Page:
Wednesday, 13 June 2012

Do we polarize militarism and pacifism?

by Marlene Epp 
I'm looking forward to touring 1812 CO (conscientious objector) sites with Jonathan Seiling and the Mennonite Historical Society of Ontario on June 16.

I've just finished reading a novel titled The Absolutist by Irish writer John Boyne which has caused me to think about the gray areas between militarism and pacifism. The novel is about young -- far too young -- men who are soldiers on the European battlefront of the First World War. As the plot unfolds, what gradually emerges is the different motives that drew these young men to join up and also their varying responses to the horrors of hand-to-hand combat that characterized that war.

The centre of the story is the 'coming out' of a soldier as a conscientious objector and the questioning of others about the ethics of war. And also the 'coming out' of another soldier as gay and the uncertainty about the sexual orientation of another. Both of these identity issues reveal that pacifism and sexuality are most often situated on a continuum and only a few experience these as black and white issues.

I wonder if peace church Mennonites, myself included, are often too quick to polarize militarism and pacifism. Were there soldiers fighting in the war of 1812 who felt burdened to speak against the war? And were there Mennonites who questioned the CO position during that conflict?


Thursday, 7 June 2012

Are peacemakers called to CREATE conflict?

Stouffville has made national news in the past few weeks, as the local peace churches have strongly opposed plans to celebrate the War of 1812. (lots of coverage by CBC's As it Happens)

Watching from afar, I've been admiring this bold witness to peace my brothers and sisters are making, especially with the whole country watching.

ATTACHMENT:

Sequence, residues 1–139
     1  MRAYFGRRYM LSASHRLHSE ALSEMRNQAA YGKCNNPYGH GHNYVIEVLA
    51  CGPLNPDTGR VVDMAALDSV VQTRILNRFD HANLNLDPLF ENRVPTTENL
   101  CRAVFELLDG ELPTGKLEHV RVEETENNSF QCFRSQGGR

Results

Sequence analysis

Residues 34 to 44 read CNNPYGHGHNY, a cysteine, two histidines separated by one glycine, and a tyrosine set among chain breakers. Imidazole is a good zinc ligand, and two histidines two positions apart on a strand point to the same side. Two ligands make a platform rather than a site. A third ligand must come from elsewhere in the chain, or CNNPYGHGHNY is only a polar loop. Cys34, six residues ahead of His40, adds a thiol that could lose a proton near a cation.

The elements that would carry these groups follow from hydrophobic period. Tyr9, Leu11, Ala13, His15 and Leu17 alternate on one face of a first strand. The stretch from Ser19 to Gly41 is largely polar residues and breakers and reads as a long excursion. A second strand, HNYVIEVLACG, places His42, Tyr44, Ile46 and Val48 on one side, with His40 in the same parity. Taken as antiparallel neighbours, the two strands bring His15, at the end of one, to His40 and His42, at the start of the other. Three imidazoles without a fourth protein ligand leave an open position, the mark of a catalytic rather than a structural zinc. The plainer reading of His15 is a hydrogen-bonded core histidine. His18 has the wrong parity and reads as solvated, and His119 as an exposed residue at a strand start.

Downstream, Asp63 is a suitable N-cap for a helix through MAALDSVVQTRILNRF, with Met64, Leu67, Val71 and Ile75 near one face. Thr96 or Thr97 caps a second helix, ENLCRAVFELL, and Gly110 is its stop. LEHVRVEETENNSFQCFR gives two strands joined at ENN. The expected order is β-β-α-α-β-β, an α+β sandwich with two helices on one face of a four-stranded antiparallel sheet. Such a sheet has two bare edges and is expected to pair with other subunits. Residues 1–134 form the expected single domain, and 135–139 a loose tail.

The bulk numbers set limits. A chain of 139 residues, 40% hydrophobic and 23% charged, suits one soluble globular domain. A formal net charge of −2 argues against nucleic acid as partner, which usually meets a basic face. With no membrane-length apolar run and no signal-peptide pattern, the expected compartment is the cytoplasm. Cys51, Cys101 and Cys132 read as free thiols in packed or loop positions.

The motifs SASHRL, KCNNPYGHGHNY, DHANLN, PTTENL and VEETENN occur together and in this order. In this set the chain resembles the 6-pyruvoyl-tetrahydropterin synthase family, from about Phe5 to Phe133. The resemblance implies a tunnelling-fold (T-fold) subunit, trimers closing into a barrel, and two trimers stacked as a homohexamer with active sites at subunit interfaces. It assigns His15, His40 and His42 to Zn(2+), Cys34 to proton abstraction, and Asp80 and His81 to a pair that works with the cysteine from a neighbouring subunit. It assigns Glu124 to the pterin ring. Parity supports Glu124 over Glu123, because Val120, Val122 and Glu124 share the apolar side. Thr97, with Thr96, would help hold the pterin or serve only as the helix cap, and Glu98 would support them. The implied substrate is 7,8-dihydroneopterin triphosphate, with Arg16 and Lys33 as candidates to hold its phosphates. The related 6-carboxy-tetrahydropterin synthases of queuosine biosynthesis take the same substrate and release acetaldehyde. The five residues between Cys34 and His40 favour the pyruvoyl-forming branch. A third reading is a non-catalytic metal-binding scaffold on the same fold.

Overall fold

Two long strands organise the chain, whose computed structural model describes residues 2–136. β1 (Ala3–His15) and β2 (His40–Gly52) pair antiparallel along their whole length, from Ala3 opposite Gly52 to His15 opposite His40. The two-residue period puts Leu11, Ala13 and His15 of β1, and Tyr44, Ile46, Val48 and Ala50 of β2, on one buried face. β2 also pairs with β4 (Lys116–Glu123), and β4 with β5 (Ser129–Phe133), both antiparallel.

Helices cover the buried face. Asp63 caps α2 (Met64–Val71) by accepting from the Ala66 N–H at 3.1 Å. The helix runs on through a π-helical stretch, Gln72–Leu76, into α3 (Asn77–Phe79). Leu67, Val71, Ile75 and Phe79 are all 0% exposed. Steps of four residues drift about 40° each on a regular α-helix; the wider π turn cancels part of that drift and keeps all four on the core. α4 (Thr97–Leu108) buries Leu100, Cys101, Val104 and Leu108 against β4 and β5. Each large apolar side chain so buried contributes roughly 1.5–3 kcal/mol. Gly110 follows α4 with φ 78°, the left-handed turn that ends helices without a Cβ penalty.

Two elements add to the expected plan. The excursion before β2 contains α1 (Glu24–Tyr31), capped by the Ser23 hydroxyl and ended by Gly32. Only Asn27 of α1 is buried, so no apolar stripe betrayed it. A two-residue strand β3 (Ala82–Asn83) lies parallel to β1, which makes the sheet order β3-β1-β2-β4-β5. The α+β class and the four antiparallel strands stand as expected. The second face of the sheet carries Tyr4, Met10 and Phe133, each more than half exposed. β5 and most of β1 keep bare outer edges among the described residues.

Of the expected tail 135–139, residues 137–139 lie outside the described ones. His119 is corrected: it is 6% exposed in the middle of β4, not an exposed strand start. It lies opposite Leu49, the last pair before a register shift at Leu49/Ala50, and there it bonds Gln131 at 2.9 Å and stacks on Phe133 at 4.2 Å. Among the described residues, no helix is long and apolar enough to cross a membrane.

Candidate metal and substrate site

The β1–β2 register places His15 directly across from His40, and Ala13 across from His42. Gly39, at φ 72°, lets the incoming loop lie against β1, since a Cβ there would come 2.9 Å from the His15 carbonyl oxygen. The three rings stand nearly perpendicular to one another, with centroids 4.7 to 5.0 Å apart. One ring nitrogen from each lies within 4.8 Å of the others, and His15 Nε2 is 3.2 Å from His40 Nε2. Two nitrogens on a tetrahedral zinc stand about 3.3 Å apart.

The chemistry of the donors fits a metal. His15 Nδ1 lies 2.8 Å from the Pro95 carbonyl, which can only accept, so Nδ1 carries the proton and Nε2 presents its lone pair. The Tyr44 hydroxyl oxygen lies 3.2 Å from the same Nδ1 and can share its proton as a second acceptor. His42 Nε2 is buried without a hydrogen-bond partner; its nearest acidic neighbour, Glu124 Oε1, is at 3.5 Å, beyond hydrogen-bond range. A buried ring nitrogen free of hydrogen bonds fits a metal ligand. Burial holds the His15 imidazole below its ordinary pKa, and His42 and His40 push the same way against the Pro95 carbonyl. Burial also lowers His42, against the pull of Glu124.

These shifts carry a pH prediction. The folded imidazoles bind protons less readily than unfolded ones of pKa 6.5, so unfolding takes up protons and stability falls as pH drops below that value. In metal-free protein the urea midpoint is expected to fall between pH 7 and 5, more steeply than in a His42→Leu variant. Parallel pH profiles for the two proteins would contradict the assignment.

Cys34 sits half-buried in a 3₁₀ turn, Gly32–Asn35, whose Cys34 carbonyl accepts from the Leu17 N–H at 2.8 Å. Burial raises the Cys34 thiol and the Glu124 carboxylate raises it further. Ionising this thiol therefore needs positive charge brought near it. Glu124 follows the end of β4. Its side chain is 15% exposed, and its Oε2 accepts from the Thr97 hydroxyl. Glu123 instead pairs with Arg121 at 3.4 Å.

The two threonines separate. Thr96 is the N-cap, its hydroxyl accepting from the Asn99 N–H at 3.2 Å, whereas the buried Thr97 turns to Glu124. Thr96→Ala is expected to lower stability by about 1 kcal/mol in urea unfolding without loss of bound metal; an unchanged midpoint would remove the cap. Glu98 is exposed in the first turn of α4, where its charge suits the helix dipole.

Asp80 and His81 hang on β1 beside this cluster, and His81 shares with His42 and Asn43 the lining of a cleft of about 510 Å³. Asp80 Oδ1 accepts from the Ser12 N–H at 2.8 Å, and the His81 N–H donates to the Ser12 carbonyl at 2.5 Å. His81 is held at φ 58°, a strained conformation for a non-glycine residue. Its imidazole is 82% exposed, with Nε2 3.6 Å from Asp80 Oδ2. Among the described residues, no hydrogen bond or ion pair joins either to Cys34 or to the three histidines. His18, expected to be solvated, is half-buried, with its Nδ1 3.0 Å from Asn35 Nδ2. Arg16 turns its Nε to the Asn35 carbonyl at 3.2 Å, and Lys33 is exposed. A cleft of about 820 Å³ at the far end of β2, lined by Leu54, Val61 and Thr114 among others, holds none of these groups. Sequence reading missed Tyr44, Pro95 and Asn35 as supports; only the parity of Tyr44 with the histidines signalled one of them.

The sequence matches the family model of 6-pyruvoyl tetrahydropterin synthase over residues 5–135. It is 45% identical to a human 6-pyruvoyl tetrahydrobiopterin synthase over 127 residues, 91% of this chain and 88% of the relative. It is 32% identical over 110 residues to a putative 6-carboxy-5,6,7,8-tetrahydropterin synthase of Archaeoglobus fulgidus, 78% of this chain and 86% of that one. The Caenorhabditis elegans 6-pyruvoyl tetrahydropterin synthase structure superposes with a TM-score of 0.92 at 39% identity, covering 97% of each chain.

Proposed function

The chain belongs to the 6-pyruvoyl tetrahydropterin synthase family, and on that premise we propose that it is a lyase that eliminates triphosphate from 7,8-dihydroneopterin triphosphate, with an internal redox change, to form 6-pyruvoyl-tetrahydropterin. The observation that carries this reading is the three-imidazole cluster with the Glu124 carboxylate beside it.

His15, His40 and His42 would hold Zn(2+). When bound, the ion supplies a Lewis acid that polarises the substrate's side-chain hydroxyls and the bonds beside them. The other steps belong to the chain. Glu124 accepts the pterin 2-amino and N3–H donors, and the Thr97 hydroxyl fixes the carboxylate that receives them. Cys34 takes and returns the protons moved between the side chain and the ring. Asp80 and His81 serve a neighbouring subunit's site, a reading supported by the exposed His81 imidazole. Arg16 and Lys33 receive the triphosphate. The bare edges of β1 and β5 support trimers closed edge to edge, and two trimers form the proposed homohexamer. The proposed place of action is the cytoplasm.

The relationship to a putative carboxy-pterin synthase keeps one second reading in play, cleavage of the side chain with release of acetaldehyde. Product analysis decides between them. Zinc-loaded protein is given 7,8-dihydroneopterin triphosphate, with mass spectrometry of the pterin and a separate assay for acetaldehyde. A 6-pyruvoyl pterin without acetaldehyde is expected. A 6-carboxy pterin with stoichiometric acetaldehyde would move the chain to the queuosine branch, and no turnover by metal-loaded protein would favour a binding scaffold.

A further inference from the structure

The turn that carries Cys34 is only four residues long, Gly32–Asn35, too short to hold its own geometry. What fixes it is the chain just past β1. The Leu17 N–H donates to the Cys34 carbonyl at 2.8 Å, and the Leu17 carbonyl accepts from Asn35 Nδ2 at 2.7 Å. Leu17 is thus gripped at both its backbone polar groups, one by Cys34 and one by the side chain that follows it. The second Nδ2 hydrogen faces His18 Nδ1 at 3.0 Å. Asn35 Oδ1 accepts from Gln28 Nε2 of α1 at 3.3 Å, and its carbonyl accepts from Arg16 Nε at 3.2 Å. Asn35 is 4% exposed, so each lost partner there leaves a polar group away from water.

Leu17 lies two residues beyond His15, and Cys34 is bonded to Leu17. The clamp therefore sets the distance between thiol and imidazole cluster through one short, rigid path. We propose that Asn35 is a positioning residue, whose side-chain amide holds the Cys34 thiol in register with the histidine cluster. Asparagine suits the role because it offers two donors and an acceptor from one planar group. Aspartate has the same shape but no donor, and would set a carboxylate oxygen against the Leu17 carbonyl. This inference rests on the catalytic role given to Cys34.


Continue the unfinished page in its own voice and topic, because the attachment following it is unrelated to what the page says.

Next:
It's a little tempting to use the Stouffville actions as a model for faithful witness today, given the huge attention given to this community. These are the bold peacemakers for Christ!

Yet, I know there have been many other faithful witnesses to peace in our history, and yes, today as well.

An equally faithful group of peace witnesses have been raising questions about how the War of 1812 is celebrated down in Niagara. Their commitment has led to inspiring engagements like this blog, and an 1812 bike tour to conscientious objector sites.

For the most part, the Niagara peace churches have not made the news. Stouffville peace churches have. The difference?


The Niagara churches have tried to offer an alternative voice to the 1812 conversation in Niagara. I think they've done that rather well.

The Stouffville churches, on the other hand, directly opposed specific plans by specific people. Conflict created. And where there's conflict, there's media.

This is not to suggest that we peacemakers should constantly seek out the attention of the media.

But the media is an important tool in grassroots peacemaking and forming public opinion. More people talking about war, militarism and peace can only be a good thing.

Maybe it's time the peace churches start picking more fights in order to create peace???